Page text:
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Whitianga Scallop Festival 9
Ray McVinnie, the well-known and respected
food editor for Cuisine Magazine and a judge
on the popular television cooking competition
series MasterChef New Zealand, says the key to
cooking scallops is keeping it simple.
“Just pan fried with a little garlic, some good
bread, and a side of lemon.
“Don’t cover them with really strong flavours
because they have got a really beautiful flavour
which is easily dominated,” he says.
McVinnie will be sharing many more tips of the
cooking trade when he returns to the Whitianga
Scallop Festival this year to give two cooking
demonstrations, showcasing his cooking talents
while putting together a Catalan skewered
scallop salad, and a roasted tomato and seafood
McVinnie, whose expertise makes him a regular
guest at foodie events throughout the country,
says Scallop Festival is an event which he looks
forward to on the food calendar each year.
“I really love the Whitianga Scallop Festival, I
think it’s one of the best festivals there is.”
The award-winning food writer, who also finds
time in his busy schedule to teach gastronomy
at the Auckland University of Technology, is a
seasoned traveller who has experienced festivals
all over the globe, but believes the Whitianga
Scallop Festival definitely holds its own against
“I’ve done a lot of travel and have been to
a lot of festivals all around the world and the
Whitianga Scallop Festival is just as good. It’s
a local festival that celebrates a great local
McVinnie says he is looking forward to enjoying
the atmosphere of the Whitianga Scallop Festival
and of course chowing down on some delicious
“I’m looking forward to enjoying the
atmosphere ... and eating scallops I really love the
scallops from Whitianga.”
Don’t wallop that scallop
New Zealand food heavyweight Ray McVinnie says the secret to
cooking scallops is in fact “not cooking them very much” at all.
If rock ‘n’ roll sets your heart racing and gets your feet
tapping then be sure not to miss the Recliner Rockers
when they return to the Scallop Festival for the fifth
Bringing a bunch of newly written songs to debut,
Recliner Rockers singer/guitarist Al Lavis says the
group are looking forward to experiencing the
delights of the festival another time round.
“ We’re looking forward to the sights the smells
and the sounds...we do quite a few festivals and the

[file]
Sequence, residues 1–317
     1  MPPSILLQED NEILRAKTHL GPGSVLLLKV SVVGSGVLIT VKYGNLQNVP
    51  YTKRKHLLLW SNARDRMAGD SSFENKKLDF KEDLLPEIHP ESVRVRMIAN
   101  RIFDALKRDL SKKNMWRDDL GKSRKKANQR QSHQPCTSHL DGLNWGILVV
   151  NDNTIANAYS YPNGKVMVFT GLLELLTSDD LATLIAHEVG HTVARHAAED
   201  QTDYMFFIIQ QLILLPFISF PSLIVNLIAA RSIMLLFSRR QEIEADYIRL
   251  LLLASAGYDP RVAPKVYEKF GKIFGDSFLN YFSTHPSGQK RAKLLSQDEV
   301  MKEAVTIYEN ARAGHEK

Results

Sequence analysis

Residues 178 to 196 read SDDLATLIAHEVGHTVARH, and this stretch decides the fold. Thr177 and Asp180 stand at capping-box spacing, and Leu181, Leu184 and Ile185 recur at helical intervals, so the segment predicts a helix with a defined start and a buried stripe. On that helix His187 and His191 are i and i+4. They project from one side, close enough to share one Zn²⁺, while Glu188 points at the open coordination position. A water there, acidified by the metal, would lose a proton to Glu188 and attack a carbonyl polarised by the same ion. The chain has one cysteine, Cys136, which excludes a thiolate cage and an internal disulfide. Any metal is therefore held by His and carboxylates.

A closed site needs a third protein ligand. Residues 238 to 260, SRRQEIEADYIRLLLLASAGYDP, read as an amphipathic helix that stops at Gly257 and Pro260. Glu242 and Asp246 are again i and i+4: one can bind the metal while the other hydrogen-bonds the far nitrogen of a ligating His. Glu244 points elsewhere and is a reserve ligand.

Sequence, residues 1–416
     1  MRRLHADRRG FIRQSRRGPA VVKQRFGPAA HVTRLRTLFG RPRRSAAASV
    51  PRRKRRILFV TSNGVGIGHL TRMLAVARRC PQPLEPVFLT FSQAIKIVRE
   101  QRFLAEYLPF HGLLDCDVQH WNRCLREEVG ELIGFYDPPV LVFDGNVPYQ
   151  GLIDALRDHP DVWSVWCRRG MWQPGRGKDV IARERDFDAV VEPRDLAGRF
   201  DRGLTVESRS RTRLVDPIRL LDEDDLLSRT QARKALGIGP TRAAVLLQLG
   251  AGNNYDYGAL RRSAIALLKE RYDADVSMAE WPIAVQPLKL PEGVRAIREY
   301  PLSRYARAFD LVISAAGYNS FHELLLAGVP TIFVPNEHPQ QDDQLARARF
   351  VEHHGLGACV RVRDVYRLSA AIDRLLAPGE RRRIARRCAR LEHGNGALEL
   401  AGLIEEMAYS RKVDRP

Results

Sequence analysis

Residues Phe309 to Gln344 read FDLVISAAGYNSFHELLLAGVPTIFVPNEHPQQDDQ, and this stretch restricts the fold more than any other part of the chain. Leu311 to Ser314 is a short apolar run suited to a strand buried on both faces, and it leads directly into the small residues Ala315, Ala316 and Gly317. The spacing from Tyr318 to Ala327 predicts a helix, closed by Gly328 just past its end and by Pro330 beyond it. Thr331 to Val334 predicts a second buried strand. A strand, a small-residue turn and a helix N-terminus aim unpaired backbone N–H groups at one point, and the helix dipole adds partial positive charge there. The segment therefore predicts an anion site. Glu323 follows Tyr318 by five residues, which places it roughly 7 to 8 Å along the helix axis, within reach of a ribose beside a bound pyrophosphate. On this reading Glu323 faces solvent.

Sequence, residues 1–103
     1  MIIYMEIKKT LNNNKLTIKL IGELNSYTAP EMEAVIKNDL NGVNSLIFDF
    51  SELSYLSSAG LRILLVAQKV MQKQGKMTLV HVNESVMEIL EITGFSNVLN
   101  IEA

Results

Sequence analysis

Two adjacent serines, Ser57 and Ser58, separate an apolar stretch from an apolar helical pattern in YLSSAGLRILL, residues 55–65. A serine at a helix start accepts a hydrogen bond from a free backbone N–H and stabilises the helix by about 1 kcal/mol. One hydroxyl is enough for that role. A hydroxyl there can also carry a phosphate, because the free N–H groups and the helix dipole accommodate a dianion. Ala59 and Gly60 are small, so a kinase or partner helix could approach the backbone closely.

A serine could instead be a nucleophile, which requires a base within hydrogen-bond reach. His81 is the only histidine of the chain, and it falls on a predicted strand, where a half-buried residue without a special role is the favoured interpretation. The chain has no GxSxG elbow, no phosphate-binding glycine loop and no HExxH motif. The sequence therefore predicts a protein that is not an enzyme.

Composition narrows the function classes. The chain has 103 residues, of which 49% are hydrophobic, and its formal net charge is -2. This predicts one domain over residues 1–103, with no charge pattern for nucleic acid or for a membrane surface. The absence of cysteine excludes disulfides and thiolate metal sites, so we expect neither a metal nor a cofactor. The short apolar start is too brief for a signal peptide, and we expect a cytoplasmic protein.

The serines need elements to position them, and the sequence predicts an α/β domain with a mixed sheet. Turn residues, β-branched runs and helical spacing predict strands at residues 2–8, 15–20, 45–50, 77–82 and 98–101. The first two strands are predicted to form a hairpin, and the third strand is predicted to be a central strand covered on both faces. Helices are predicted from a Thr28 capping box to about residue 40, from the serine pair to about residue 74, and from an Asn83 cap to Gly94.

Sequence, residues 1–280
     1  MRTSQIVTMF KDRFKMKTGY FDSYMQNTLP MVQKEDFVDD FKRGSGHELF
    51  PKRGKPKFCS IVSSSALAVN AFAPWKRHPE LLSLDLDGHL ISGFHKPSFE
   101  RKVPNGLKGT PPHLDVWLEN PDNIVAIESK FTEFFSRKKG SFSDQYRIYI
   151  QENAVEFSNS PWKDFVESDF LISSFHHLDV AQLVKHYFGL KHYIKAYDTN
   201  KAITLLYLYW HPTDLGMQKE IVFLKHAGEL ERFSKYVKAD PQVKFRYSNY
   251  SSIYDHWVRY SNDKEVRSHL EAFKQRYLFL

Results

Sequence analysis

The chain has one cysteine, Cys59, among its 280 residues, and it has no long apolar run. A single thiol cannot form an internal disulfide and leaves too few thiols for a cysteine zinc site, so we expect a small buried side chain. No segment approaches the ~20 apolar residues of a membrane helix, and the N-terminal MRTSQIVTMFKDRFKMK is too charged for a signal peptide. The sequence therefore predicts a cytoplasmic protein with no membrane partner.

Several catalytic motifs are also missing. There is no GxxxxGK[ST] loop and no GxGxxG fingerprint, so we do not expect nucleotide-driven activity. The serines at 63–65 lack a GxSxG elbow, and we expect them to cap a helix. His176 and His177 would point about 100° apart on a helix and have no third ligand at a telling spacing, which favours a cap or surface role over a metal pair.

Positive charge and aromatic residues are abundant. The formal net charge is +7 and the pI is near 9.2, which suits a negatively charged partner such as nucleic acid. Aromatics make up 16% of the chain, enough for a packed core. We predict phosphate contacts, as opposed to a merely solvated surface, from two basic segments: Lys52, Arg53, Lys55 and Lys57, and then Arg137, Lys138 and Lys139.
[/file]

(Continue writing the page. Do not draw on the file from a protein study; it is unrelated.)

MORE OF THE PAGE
Scallop Festival is definitely a highlight,” says Lavis.
The Recliner Rockers’ story began in 2006, and
according to Lavis it was a common interest in
rockabilly, blues, and other roots music coupled with
a desire to play original material that saw the band
“Geoff (the bass player) and I were playing in
different bands touring the same traps in and around
Auckland. When a mutual friend brought us together
in a back-up band at short notice we discovered a
common interest in rockabilly, blues and other roots
music and a desire to play original material.
“In reality we resented playing with talented,
sensitive and creative musicians and wanted to be
unchallenged, loud Neanderthals,” explains Lavis.
The group, which were originally called the Sharp
Dressed Men before deciding that Recliner Rockers
was a much better fit, played their first gig to a
packed venue at the Whangamata Beach Hop festival
The three-man band, comprising of Lavis, Geoff
Fitzpatrick on double bass and electric bass guitar,
and Kerry Fraser on drums and backing vocals, is
often supplemented by Bruce French on saxophone.
“It’s a three-way collision between a Rockabilly
Cadillac, a Blues Truck and a Psychedelic Rock Train –
and after the accident a Frankenstein monster with
Hendrix’s mind, Muddy Waters’ heart and Elvis from
the waist down,” says Lavis.
The Recliner Rockers are eager to return to the
Coromandel, rock out at another Whitianga Scallop
Festival, and reunite with friends in the area.
Rockers are no laid back group
Sizzle and Sounds
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